Closing arguments are set to begin today in the case of former Minneapolis police officer Derek Chauvin, on trial for murder in the death of George Floyd. Defense attorneys are expected to argue that Floyd died from pre-existing health conditions -- even though expert witnesses for the prosecution have testified the death was due to "asphyxiation from compression," due to Chauvin placing his knee on Floyd's neck for more than nine minutes.
Even if jurors choose to ignore the testimony of prosecution witnesses, should the defense argument get anywhere? The answer is no, and that's because of a common-law rule that dates to a 1901 case in England styled Dulieu v. White. It's called the "Eggshell Skull Rule" (also called the "Thin Skull Rule"), and it applies in both civil and criminal cases. Here is the gist of it, from Wikipedia:
This rule holds that a tortfeasor is liable for all consequences resulting from their tortious (usually negligent) activities leading to an injury to another person, even if the victim suffers an unusually high level of damage (e.g. due to a pre-existing vulnerability or medical condition). The eggshell skull rule takes into account the physical, social, and economic attributes of the plaintiff which might make them more susceptible to injury. It may also take into account the family and cultural environment. The term implies that if a person had a skull as delicate as that of the shell of an egg, and a tortfeasor who was unaware of the condition injured that person's head, causing the skull unexpectedly to break, the defendant would be held liable for all damages resulting from the wrongful contact, even if the tortfeasor did not intend to cause such a severe injury.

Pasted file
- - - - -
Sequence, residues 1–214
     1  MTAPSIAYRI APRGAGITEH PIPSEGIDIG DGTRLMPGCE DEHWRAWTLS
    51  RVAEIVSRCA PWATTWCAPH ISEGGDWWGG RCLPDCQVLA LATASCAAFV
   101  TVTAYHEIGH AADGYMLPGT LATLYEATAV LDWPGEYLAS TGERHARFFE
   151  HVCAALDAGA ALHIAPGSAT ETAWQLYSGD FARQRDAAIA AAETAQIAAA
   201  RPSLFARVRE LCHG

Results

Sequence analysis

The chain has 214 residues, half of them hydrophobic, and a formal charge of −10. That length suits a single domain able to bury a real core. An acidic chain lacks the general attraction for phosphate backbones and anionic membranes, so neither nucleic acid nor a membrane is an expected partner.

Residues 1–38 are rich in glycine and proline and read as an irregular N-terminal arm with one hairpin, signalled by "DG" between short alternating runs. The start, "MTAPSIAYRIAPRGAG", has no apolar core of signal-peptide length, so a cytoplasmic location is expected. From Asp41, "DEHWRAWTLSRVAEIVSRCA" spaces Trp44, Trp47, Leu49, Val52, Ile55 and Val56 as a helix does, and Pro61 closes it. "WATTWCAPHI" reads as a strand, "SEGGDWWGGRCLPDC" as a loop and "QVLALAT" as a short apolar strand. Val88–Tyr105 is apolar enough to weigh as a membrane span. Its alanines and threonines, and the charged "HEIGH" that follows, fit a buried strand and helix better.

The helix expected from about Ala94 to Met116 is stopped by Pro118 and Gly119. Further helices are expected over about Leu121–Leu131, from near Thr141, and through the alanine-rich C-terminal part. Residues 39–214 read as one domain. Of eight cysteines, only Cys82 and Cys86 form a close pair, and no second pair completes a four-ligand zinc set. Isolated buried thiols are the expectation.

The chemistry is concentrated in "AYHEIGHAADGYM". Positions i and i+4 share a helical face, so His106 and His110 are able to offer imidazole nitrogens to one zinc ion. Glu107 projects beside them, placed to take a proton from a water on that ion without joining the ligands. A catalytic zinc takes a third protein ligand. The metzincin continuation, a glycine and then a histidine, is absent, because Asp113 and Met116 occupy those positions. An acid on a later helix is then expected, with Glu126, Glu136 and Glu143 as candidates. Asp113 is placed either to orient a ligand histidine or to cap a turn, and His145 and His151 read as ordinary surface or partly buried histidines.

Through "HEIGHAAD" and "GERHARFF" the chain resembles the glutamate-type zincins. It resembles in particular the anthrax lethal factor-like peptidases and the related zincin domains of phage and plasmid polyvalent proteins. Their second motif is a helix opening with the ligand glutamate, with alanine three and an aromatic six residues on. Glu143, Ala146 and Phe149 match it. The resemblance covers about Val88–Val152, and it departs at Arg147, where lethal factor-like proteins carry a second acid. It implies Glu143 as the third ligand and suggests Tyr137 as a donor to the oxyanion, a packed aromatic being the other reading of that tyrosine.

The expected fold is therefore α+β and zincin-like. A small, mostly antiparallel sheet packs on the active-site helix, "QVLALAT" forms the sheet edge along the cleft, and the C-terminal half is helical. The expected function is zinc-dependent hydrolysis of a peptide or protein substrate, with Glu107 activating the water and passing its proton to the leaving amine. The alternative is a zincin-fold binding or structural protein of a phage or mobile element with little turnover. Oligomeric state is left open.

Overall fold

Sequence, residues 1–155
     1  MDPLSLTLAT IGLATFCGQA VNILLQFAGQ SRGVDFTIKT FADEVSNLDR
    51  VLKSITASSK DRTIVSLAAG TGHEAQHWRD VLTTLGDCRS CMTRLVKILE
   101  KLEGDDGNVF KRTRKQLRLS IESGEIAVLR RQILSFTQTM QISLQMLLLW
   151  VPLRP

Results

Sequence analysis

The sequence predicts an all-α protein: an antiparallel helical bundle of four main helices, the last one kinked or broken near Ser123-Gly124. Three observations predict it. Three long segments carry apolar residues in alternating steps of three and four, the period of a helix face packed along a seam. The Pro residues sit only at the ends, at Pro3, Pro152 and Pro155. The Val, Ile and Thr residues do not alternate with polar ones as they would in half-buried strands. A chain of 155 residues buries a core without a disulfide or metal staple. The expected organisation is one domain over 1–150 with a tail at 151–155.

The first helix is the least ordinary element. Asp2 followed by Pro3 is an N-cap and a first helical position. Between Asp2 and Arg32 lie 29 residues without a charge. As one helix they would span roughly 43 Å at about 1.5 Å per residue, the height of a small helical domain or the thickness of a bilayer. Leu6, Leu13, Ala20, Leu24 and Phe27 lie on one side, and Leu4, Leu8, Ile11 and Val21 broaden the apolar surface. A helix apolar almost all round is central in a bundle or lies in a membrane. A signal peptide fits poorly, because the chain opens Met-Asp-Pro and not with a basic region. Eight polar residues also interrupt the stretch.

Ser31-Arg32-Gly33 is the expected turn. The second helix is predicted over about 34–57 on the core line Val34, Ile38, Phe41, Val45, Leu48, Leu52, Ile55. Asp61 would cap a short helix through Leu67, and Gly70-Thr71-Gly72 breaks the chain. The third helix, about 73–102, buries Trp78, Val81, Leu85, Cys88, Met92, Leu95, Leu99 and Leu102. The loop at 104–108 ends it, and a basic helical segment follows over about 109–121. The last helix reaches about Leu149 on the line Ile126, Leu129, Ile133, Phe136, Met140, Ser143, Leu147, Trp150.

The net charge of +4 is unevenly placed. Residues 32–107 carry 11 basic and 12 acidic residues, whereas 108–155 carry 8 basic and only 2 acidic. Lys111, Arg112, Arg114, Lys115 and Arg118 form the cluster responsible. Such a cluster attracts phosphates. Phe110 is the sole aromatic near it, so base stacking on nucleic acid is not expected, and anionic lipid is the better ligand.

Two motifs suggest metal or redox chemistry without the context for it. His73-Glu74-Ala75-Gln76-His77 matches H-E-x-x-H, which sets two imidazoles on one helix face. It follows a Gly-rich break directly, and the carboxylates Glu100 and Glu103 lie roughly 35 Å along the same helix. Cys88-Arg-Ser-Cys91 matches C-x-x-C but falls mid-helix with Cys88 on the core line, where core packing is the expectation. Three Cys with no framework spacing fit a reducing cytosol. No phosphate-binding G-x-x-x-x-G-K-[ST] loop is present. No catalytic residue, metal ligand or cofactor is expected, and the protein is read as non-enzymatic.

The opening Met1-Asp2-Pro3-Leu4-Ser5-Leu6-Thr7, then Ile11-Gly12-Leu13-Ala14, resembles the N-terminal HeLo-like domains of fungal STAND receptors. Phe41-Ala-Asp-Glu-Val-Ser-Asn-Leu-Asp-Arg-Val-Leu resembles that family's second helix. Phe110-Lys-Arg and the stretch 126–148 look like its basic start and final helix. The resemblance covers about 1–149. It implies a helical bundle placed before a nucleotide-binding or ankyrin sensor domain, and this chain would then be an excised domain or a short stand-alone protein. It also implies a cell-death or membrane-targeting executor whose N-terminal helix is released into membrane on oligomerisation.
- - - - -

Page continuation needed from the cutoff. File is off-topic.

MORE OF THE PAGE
Our research indicates the Eggshell Rule is most likely to apply in a tort case, but it could become a key factor in a criminal matter, such as the Floyd case. From Wikipedia:
In criminal law, the general maxim is that the defendant must "take their victims as they find them", as echoed in the judgment of Lord Justice Lawton in R v. Blaue (1975), in which the defendant was held responsible for killing his victim, despite his contention that her refusal of a blood transfusion constituted an intervening act.
Does this mean Chauvin is a lock to be convicted? Probably not, but his defense team has a high hill to climb, and one of its primary arguments -- by law -- should not get very far. At least one journalist covering the Chauvin trial already has addressed the "Eggshell Skull Rule." From a report by Stephen Groves at Associated Press:
As attorneys argued over whether to allow evidence from George Floyd's 2019 arrest at the trial of a former police officer charged in his death in 2020, Judge Peter Cahill wanted to know the relevance of Floyd's behavior a year before he died.
Weren’t Derek Chauvin and other officers “duty bound to deal with the arrestee as they find them?” Cahill asked.
Those very words -- that officers are “duty bound to deal with the arrestee as they find them” -- form the heart of the "Eggshell Skull Rule." That Judge Cahill clearly is aware of the rule -- and you never can assume that a judge knows the law -- probably is not a good sign for Chauvin. Here is more from AP's Stephen Groves: